Even more importantly, from Syrian citizens of various affiliations with whom I have met recently, it is clear that al-Khatib and his associates seem to draw praise for their opposition to the regime—as an imam, al-Khatib refused to follow the speeches imposed by the regime and was imprisoned—their resistance, and their tolerance. These endorsements are a first achievement, but a number of steps are necessary before Moaz al-Khatib becomes the real head of the Syrian opposition and enters into a substantive relationship with EU leaders.

However, this resounding praise should be kept in the context that among the Carnegie Endowment’s sponsors are in fact many “oil sector” giants including British Petroleum (BP), Chevron, Exxon, and Shell.

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ARAMCO & The House Of Saud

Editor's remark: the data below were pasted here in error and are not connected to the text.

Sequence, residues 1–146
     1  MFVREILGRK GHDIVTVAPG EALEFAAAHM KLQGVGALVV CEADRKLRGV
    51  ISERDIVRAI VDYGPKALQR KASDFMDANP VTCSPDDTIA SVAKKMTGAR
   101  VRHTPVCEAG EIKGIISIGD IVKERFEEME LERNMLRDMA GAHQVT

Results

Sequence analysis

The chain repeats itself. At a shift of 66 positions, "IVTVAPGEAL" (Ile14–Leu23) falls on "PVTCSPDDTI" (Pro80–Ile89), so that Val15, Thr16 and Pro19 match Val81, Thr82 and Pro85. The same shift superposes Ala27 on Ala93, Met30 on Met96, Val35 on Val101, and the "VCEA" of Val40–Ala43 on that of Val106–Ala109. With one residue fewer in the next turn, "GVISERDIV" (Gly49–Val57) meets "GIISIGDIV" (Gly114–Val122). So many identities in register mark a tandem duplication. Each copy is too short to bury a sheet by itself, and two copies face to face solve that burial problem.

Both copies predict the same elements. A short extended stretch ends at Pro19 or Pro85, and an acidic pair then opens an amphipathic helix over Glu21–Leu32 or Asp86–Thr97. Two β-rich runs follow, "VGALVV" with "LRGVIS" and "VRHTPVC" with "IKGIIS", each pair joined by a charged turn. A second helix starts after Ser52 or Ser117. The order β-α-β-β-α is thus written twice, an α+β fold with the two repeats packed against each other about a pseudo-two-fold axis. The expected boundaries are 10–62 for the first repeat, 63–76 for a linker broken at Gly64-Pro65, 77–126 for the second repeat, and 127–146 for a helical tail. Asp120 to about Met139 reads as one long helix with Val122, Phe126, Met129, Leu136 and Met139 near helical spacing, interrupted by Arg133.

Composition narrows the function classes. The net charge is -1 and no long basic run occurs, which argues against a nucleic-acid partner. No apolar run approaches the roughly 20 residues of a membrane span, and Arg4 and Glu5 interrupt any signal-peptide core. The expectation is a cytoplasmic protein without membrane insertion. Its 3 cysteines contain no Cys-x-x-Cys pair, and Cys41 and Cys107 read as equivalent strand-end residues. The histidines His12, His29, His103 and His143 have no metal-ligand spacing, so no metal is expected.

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The only thing that was more striking than America’s cynicism- from paranoid right and jaded left alike – toward’s the Arab Spring was this nation’s collective journalistic ignorance about the Middle East region.

Pundits compare revolutionary Iran, where a still-nationalized oil sector has Big Oil licking it’s profit-inflated lips, to Algeria and Yemen, where CIA intrigues installed reactionary governments to replace progressive one’s which opposed the Gulf War in 1991. They compare socialist Syria with US puppet monarchies in Bahrain and Jordan.

There are generally two types of Arab governments in the Middle East. The democratic one’s have been our enemies. The monarchs and dictators have been our friends. And the game has been all about oil.

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(What follows is excerpted from Chapter 3: JP Morgan & the House of Saud: Big Oil & Their Bankers…)

By Dean HENDERSON, LEFT HOOK